May is Bladder Cancer Awareness Month

May is Bladder Cancer Awareness Month

Bladder cancer is among the top ten most common cancer types in the world, with approximately 550,000 new cases annually. In the Unites States alone, approximately 83,730 people will be diagnosed with bladder cancer and some 17,200 people are expected to die from the disease in 2021, according to the National Cancer Institute’s Surveillance, Epidemiology, and End Results Program (SEER).

Bladder cancer most often begins in the cells (urothelial cells) that line the inside of your bladder. Urothelial cells are also found in your kidneys and the tubes (ureters) that connect the kidneys to the bladder. Urothelial cancer can happen in the kidneys and ureters, too, but it’s much more common in the bladder.

Most bladder cancers are diagnosed at an early stage, when the cancer is highly treatable. But even early-stage bladder cancers can come back after successful treatment. For this reason, people with bladder cancer typically need follow-up tests for years after treatment to look for bladder cancer that recurs.

Risk factors for bladder cancer include:

  1. Tobacco use
  2. Having a family history of the disease
  3. Exposure to certain chemicals in the workplace
  4. Drinking well water with high levels of arsenic
  5. Having a history of bladder infections

Here are eight warning signs to watch for:

  1. Blood or blood clots in the urine
  2. Pain or burning sensation during urination
  3. Frequent urination
  4. Feeling the need to urinate many times throughout the night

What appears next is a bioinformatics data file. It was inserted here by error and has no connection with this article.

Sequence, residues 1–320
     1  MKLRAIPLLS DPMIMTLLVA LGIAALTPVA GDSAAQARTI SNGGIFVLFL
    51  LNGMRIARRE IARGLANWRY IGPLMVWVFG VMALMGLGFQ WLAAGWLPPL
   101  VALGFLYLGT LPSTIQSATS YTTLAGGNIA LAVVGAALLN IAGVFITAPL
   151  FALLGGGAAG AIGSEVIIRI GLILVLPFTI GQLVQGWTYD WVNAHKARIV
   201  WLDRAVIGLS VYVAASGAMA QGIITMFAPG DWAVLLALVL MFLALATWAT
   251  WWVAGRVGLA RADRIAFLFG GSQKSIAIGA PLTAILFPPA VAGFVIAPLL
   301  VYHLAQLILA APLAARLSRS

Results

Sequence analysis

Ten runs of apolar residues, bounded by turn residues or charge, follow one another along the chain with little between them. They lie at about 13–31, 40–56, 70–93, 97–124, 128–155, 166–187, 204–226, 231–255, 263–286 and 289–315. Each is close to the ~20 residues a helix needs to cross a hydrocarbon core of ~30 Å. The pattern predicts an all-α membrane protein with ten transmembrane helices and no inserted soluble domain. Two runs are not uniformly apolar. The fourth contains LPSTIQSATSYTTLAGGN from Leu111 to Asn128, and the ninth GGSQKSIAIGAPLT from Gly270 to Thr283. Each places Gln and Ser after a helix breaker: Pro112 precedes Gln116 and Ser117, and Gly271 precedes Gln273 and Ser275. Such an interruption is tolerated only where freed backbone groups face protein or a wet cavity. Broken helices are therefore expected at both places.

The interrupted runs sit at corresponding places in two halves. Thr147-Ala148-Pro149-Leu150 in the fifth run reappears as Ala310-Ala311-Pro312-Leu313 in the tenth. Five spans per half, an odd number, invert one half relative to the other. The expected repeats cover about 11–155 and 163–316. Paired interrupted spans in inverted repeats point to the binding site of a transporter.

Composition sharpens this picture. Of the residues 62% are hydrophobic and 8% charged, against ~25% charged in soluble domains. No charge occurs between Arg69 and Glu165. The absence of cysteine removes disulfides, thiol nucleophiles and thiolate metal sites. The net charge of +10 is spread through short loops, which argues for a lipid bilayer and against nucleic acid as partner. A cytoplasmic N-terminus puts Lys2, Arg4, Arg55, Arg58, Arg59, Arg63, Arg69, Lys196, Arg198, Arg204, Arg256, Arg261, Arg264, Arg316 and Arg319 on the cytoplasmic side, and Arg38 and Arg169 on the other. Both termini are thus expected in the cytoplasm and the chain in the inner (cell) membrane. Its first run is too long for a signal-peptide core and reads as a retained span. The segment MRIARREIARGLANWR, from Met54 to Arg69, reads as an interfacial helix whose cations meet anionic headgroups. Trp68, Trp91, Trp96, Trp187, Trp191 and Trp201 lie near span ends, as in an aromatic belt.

5. Feeling the need to urinate, but not being able to pass urine
  6. Lower back pain on 1 side of the body
  7. Decreased appetite
  8. Postmenopausal uterine bleeding


Worldwide differences in (historical) exposure to risk factors like cigarette smoking, chemical carcinogens in certain occupations and arsenic in drinking water or endemic chronic urinary infections caused by Schistosoma haematobium are largely responsible for the observed variability in occurrence, although a small part of the geographical differences may also be attributable to differences in access to care and availability of diagnostic procedures such as enhanced cystoscopy (e.g. narrow band imaging or blue light cystoscopy) and computed tomography between more and less developed countries.



Bray F et al (2018) Global cancer statistics 2018: GLOBOCAN estimates of incidence and mortality worldwide for 36 cancers in 185 countries. CA Cancer J Clin 68(6):394–424, Bladder Cancer: Symptoms and Signs -Approved by the Cancer.Net Editorial Board, 09/2020